Hip Shakin' Mama : Chubby Newsome©2004JCMarion

Chubby Newsome was originally from Detroit but found recognition in New Orleans where she was a regular performer in the late 1940s. She was discovered by Paul Gayten at the famous Dew Drop Inn. She was soon signed to the DeLuxe label where she recorded her signature tune "Hip Shakin' Mama", and also "He May Be Your Man" with Gayten's band. This song also showed up on Miltone #3199, a label originally known as Roy Milton Records where the original "R.M. Blues was released. Reportedly on the session on tenor sax was Sam Butera, later leader of The Witnesses, Louis Prima's backup band. She recorded "Perdido", "The Big Date", "Belle Vista Jam", and "Don't Cry Little Girl" with Gayten. Newsome recorded some other sides for the DeLuxe label backed by the Dave Bartholomew band but none of those matched the popularity of the deep bluesy atmosphere of her original tune. In those days the Bartholomew band included Joe harris on alto sax, Herb hardesty on tenor, Salvador Doucette on piano, Ernest McLean on guitar, Frank Fields on bass, and Earl Palmer on drums. Some of the tunes is recorded are "New Orleans Lover Man", "Close To Train Time", "Bedroom Blues", and "Back Biting Woman".

Newsome starts out 1950 with an extended engagement at The Showboat in Philadelphia. In February "I'm Still In Love With You" is released on Regal #3250. The flip side is the tune "Hard Lovin' Mama" and she is accompanied by the Howard Biggs Orchestra (who would later be a New York session musician for Bruce and Apollo Records). In July Newsome records "You Better Find A Job" and "Poor Dog" (also called "Throw A Poor Dog A Bone") on Regal #3268. That same month Chubby appears at Baltimore's Royal Theater with a big show that features Paul "Hucklebuck" Williams, Errol Garner, and Larry Darnell. In September Newsome returns to Baltimore's Royal with Paul Williams, Toni Harper, Larry Darnell, and Dusty Fletcher. Late in the month the same lineup does a week at Chicago's Regal Theater. Still in Chicago in October the lineup does a number of shows for McKie Fitzhugh at the Pershing Ballroom. In an odd historical note, a Charlie Parker be-bop session in 1950 which resulted in the album "One Night At Birdland", the live version of "Embraceable You" featured a vocal that was credited to Chubby Newsome. After many years and discographical work it has been determined that this vocal is in reality sung by the great jazz and blues artist Little Jimmy Scott.

In early 1951 Regal Records states that three quarters of its sales are from R & B records from its roster of artists including Chubby Newsome. In April Regal Records packages a number of its music stars for a series of one nighters throughout the country. It is called "The Regal Hit Paraders" and includes besides Newsome, Paul Gayten and his band, Little Jimmy Scott, and Sammy Cotton. The tour will start out in New Orleans at the Swing Club. In June Regal releases #3319 which features Chubby Newsome on the tunes "Where's The Money Honey?" and the wildly titled "Little Fat Woman With The Cocoanut Head". In September the Newsome, Darnell, and Williams show hits Philadelphia's Club Harlem for a week's stay.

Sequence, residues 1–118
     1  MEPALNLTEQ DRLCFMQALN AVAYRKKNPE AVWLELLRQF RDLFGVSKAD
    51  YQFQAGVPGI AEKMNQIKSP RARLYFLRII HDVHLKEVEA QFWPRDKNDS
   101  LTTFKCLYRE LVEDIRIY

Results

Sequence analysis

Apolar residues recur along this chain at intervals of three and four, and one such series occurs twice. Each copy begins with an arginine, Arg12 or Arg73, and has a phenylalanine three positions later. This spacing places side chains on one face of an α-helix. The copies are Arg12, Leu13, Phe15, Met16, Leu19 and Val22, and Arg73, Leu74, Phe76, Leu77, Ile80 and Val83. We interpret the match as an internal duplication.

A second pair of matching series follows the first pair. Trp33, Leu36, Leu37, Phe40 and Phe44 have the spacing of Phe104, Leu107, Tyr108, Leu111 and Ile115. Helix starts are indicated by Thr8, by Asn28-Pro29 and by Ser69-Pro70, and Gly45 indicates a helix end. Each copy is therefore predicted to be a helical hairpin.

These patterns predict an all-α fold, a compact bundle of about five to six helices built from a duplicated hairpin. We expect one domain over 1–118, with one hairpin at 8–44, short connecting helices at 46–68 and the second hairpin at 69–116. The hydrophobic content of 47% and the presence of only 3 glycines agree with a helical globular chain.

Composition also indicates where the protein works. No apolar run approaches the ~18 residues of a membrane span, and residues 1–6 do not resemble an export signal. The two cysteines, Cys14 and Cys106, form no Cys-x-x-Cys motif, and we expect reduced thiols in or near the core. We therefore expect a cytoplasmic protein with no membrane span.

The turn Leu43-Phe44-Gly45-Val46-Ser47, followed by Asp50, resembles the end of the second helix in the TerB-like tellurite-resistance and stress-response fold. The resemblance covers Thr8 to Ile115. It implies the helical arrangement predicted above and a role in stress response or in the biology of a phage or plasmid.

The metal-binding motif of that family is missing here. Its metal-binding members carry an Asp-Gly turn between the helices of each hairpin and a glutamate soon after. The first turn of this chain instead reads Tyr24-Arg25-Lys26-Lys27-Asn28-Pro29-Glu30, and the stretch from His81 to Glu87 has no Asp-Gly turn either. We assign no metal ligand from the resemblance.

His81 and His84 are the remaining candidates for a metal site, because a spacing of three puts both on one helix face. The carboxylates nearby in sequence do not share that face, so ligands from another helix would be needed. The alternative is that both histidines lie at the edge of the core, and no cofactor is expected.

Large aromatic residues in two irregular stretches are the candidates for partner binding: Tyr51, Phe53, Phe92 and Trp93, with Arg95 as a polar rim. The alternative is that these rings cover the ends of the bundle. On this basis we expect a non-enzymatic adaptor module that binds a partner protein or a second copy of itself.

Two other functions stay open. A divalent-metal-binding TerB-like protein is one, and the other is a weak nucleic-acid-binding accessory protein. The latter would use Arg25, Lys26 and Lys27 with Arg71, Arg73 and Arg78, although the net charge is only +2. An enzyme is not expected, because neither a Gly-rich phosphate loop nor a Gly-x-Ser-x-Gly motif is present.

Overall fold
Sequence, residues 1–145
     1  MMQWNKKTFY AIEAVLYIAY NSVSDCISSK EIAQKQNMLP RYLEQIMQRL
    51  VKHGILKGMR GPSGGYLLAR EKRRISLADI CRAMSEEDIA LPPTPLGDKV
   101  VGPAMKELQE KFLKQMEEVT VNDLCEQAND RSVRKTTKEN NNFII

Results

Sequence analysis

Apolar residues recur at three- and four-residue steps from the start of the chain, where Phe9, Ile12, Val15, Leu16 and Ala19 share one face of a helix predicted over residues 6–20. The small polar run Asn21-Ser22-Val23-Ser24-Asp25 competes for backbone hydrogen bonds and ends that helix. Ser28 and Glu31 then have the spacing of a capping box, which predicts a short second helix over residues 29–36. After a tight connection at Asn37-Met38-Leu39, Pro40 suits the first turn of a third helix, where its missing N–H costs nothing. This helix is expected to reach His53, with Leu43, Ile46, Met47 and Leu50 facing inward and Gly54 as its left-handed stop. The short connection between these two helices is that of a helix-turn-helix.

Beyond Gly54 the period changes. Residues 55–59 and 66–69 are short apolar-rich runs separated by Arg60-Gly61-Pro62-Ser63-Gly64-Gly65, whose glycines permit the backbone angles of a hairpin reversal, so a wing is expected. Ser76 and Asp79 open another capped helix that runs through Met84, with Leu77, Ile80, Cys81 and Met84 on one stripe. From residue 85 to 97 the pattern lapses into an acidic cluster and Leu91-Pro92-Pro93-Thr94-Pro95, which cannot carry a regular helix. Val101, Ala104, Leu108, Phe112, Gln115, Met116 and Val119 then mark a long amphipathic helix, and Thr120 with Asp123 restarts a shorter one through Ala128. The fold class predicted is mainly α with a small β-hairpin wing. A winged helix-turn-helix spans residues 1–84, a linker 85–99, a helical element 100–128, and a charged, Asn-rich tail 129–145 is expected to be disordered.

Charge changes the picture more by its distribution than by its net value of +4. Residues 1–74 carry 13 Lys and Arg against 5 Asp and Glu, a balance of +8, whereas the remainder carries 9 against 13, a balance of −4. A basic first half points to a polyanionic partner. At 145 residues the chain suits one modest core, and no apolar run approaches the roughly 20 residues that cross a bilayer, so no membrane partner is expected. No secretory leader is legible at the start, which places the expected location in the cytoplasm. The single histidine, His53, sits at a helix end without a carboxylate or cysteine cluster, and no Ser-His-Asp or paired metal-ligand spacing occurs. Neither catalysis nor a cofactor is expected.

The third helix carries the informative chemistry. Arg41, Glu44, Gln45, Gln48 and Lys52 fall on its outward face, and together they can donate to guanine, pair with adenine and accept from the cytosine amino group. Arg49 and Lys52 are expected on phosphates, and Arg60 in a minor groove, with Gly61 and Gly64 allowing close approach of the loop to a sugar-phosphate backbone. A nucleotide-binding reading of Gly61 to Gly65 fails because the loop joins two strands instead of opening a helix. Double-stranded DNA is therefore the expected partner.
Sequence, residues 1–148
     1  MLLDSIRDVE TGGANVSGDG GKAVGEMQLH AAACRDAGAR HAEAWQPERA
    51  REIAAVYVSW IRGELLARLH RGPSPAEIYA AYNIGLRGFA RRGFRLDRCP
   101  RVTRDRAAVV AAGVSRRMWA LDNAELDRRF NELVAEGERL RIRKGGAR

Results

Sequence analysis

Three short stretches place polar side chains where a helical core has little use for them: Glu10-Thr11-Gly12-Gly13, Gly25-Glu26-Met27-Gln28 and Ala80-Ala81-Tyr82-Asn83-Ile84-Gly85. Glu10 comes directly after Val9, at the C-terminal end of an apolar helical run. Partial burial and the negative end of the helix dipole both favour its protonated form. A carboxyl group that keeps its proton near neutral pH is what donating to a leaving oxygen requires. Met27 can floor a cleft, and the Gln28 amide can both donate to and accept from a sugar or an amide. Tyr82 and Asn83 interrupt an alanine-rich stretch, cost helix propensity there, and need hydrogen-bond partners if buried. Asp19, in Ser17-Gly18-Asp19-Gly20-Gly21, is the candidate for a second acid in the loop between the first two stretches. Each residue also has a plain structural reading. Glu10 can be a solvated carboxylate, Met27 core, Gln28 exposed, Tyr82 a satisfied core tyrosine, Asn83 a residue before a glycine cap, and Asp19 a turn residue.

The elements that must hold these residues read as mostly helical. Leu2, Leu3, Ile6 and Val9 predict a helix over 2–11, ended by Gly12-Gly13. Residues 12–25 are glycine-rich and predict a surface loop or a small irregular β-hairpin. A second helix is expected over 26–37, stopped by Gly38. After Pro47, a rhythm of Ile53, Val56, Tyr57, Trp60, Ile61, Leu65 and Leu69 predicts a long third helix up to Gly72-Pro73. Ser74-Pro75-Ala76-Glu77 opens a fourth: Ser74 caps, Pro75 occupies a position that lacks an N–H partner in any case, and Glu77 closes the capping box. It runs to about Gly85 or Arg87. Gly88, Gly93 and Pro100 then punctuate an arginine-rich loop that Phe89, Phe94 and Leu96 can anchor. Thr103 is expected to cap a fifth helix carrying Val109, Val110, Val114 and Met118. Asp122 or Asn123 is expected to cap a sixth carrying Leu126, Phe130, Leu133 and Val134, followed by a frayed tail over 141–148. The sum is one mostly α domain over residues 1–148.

In October of 1952 RCA Victor Records announces the signing of Chubby Newsome to the label. Almost as soon as that announcement is made Newsome goes to Chicago's Chance label in January of 1953. Newsome recorded for Chance with Al Smith and his band which featured Red Holloway, Mac Easton, and Sax Mallard on saxes, Bill Wallace on piano, Willie Dixon on bass, and Leon Hooper on drums. The songs were "Chubby's Story", "Shades Of Midnight", "Great Day In The Morning", and "Always Come Home To Me". As far as it is known, none of these sides for Chance were ever released. Chubby Newsome appears at the Orchid Room in Kansas City and will soon tour with the band of Al Smith and singer Bobby Prince. In July of 1954 Newsome joins many artists at Harlem's Club Baby Grand in New York to salute radio personality Willie Bryant (the unofficial mayor of Harlem). In 1955 Newsome joined Alberta Adams and formed a female R & B duo called The Bluzettes. The group toured with Tiny Bradshaw during the year but they never caught on and Chubby Newsome faded from the music scene in the mid nineteen fifties.

There are a few CDs that preserve the sound of Chubby Newsome for the ages. Best among them are "New Orleans Blues" - Black Music of the 50s - volumes 1 and 2 from Delmark which features Newsome's DeLuxe and Regal sides. Another compilation CD is "New Orleans Blues & Rhythm" also from Delmark. Watch for the usual duplication of sides. "Birth of New Orleans Funk" a German import also features six early sides from Newsome. "Hip Shakin' Mamas, Crooners, and Shouters" a British import on Proper from the collection "Gettin Funky - The Birth of New Orleans R & B". Then there is "Carnival Day - The Essential Recordings of New Orleans" on Indigo.

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